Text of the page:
Once a year in the small town of Kecksburg, Westmoreland County, the streets are invaded by flying saucers. The parade is part of their annual UFO Festival, which is put on by the Volunteer Fire Department. Each year, the citizens, and a large number of UFO enthusiasts from across the state, build fake spacecrafts and dress in costumes for a weekend of mostly-lighthearted celebration, but the paranormal researchers and experts on UFOs and Bigfoot who are honored speakers take their subjects very seriously. Kecksburg, also known as “Pennsylvania’s Roswell,” has been a favorite locale among such researchers, and it is easy to see why. The 2010 UFO Festival marks the 45th anniversary of what has become known as “The Kecksburg Incident,” which some believe is one of the most compelling cases for extraterrestrial existence in U.S. history.
In the past 45 years, the story of the Kecksburg Incident has taken numerous twists and turns. Time has certainly not stopped the development of new studies, the discovery of new evidence, or the creation of new theories. This continually developing story has been a part of Kecksburg for almost half a century, and, whatever story you believe, it is undeniable that the events have left their mark on the small community.
Dec 9th, 1965. A fireball streaks across the sky above northeastern North America. Sightings as far apart as Indiana, New York, Virginia, and Ontario are reported in newspapers across the country. The falling object even touches off many small fires throughout Ohio and Pennsylvania as flaming debris falls from it, the Associated Press reports. Unfortunately, this is where agreement on what happened on that day begins to fall apart.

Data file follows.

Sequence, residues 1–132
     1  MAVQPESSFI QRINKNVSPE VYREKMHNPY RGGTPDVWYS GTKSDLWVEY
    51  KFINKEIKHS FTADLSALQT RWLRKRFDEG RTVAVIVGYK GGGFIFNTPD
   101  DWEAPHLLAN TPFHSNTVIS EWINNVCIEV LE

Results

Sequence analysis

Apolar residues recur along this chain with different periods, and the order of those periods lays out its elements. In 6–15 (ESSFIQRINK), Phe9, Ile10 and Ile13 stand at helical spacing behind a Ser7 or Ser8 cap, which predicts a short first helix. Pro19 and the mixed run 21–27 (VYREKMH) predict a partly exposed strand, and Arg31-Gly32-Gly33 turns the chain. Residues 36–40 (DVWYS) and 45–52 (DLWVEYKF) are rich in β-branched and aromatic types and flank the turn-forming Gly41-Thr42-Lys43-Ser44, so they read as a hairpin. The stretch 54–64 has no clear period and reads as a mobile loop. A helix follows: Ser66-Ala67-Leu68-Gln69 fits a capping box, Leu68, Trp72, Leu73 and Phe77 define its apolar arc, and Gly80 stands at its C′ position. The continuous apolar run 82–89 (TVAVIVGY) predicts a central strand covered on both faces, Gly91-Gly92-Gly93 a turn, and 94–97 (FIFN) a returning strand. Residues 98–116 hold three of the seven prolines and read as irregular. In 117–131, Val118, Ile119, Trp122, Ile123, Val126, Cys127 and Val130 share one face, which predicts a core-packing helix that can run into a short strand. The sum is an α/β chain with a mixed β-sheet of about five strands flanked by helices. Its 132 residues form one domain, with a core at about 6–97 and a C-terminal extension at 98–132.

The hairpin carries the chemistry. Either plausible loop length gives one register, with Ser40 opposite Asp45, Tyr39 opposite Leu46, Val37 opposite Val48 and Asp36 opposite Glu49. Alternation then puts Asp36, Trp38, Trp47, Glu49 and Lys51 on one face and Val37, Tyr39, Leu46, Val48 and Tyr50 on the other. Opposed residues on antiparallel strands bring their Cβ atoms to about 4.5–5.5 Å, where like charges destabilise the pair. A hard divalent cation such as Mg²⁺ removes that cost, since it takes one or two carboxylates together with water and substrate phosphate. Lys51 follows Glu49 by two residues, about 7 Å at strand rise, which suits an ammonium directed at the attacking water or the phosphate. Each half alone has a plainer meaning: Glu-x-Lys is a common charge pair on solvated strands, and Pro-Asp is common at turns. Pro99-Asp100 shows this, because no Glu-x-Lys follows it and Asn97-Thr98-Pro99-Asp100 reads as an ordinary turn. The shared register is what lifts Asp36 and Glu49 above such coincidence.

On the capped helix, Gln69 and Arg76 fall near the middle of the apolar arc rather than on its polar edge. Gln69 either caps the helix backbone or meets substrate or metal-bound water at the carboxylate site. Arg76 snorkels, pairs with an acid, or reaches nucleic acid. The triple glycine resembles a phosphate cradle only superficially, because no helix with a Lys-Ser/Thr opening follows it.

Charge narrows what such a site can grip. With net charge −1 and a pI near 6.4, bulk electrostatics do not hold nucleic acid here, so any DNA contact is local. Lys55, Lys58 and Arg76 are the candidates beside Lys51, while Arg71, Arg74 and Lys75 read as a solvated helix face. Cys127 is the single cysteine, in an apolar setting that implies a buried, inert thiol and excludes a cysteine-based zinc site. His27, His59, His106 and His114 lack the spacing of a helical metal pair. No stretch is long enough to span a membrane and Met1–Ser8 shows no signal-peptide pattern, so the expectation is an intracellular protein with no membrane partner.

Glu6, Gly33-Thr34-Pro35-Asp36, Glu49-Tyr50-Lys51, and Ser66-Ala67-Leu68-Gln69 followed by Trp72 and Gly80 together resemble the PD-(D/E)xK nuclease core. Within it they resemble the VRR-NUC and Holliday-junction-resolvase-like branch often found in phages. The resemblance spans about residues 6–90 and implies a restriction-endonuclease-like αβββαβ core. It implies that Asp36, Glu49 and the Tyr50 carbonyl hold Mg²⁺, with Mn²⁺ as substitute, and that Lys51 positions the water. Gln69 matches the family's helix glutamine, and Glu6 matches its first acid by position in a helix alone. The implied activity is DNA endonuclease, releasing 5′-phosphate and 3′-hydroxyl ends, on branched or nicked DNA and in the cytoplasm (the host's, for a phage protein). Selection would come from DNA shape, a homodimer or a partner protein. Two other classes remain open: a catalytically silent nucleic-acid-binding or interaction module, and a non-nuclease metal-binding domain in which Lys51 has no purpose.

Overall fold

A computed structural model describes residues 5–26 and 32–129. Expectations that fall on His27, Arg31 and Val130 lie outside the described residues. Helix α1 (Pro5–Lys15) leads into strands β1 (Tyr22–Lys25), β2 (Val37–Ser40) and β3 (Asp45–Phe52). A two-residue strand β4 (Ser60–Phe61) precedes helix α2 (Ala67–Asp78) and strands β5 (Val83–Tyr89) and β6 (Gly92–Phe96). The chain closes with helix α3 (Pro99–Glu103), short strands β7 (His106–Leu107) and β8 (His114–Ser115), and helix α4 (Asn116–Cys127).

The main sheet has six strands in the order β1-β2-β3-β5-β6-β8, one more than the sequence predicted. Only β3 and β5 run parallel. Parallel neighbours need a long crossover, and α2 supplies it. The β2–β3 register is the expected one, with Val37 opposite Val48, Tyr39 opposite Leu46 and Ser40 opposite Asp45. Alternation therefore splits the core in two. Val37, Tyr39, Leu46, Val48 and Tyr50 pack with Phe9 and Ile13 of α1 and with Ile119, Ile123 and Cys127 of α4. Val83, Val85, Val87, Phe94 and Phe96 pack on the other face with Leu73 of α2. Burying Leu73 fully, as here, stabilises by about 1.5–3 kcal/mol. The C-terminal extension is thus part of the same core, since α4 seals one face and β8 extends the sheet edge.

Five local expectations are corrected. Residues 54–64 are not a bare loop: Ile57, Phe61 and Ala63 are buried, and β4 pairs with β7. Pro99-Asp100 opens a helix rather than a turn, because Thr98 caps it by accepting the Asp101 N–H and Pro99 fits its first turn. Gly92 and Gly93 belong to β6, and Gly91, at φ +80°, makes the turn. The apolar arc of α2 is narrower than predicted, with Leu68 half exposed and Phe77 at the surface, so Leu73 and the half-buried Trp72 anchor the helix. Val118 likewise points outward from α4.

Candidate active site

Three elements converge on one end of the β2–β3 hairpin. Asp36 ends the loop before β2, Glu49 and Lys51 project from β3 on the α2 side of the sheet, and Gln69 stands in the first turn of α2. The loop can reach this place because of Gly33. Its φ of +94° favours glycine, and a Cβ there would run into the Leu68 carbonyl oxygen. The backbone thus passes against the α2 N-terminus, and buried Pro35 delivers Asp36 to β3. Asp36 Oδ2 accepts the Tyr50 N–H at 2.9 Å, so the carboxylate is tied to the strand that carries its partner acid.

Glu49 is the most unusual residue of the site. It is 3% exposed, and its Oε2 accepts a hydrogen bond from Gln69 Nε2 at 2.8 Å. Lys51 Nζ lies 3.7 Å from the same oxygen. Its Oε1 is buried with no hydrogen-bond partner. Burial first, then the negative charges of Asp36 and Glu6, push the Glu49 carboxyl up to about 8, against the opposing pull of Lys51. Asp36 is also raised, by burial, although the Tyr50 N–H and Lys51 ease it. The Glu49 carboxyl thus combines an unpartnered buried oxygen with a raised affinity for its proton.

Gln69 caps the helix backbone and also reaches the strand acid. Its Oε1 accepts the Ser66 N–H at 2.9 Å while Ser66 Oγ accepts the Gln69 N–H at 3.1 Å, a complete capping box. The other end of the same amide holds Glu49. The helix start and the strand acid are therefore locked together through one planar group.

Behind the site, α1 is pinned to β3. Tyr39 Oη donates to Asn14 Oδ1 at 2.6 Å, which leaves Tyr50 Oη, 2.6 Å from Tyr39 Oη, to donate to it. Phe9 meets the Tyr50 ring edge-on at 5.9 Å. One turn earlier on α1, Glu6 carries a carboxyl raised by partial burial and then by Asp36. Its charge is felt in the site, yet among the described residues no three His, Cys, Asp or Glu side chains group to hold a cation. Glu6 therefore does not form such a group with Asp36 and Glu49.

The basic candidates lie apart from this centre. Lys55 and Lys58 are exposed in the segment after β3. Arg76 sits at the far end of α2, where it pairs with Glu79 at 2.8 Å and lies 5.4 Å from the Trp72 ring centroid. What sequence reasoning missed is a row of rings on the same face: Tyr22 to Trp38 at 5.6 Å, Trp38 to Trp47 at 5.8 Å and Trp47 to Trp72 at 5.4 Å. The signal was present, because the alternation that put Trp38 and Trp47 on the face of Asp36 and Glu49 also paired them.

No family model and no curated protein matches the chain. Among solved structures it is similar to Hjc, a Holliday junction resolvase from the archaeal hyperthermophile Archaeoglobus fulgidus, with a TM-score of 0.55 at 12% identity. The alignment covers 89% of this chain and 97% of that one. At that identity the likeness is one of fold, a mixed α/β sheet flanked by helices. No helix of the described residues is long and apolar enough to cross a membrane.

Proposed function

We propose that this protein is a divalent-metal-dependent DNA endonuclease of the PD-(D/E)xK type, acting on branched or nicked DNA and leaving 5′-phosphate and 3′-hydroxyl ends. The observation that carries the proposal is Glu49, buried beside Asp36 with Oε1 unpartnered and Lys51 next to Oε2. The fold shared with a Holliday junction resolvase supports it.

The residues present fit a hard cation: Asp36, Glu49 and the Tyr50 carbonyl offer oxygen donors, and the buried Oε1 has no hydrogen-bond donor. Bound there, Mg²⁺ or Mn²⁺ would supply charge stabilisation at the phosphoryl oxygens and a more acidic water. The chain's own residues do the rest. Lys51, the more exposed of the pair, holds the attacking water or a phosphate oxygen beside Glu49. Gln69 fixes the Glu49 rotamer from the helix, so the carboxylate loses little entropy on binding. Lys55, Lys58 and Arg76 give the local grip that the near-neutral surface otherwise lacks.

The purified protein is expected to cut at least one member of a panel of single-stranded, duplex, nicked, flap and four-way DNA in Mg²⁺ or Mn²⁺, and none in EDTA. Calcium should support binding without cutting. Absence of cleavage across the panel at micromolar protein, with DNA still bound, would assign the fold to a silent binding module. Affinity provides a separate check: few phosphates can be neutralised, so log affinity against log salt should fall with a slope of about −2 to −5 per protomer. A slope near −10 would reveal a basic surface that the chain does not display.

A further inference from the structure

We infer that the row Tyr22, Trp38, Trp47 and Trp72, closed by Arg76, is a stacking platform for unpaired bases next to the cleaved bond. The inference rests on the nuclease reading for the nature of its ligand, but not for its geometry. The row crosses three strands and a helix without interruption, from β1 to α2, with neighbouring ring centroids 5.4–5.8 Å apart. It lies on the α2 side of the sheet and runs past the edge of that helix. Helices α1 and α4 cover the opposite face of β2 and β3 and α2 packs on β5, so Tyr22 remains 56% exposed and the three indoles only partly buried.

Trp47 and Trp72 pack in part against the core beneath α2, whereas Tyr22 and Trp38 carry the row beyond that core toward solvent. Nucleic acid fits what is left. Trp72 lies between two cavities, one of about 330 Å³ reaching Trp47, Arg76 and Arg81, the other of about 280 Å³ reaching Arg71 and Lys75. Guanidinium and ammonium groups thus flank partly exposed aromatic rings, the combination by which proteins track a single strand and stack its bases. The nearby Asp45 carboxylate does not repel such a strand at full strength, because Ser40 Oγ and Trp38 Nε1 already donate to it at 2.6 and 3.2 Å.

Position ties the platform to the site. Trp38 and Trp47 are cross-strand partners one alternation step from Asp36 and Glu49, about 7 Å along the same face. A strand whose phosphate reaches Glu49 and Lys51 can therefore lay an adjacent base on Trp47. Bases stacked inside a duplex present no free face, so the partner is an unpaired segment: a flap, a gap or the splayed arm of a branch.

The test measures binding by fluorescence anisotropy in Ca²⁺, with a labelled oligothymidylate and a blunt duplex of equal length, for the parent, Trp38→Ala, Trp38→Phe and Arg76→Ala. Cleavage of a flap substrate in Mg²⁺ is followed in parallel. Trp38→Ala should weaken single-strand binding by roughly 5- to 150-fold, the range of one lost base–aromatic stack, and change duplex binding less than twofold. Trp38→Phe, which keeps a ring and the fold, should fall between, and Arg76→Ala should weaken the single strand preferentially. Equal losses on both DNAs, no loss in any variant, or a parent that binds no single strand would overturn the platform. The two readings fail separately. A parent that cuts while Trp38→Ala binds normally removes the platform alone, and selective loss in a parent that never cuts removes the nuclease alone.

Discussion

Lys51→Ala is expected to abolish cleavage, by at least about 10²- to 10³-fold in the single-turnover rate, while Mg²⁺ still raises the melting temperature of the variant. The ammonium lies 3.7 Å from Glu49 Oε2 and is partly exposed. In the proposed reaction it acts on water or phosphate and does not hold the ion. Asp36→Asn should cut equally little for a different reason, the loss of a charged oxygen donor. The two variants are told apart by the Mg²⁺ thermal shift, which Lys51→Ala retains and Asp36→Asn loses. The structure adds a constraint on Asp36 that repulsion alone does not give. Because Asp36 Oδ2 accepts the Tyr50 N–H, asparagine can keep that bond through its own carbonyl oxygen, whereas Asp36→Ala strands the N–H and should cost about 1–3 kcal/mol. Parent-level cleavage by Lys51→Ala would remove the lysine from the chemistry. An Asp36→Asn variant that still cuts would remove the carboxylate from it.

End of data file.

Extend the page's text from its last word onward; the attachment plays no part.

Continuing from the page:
Witnesses in Kecksburg claimed that the object crashed into the woods nearby the small western Pennsylvania town. Today, many people believe this was in fact an optical illusion and that the object could not have landed in that area; however, at the time, the US Army took the sightings very seriously. The area was eventually roped off and citizens who came out into the woods to investigate the falling object were turned back by armed men. The Army reported that, after an investigation of the woods around Kecksburg, nothing was found. Witnesses dispute this claim.
Bill Bulebush claims he saw the object turn around in the sky “just like it was controlled” before crashing into the woods. Intrigued, he drove out to investigate and found a 10 foot long acorn shaped object smoldering in the woods. The way it glowed, cracked, and sparked scared Bulebush, who says he did not get too close to the object and, when he heard people coming, ran home.
James Romansky saw it too. According to his account, he was part of a group of volunteer firefighters who came upon the object in the woods when they were responding to what they thought was a plane crash. Instead he found a mysterious metal object buried in the ground and covered in hieroglyphics. He claims he was then ordered to leave by mysterious men in trench coats and that he later saw the military carry the object away on a flatbed truck. This flatbed truck, carrying a mysterious object, was later seen leaving the area by a number of other witnesses. Additionally, Micheal Rambacher, a security officer for the Air Force, claimed to have guarded the object which arrived on a flatbed truck and which he believed was not of this world.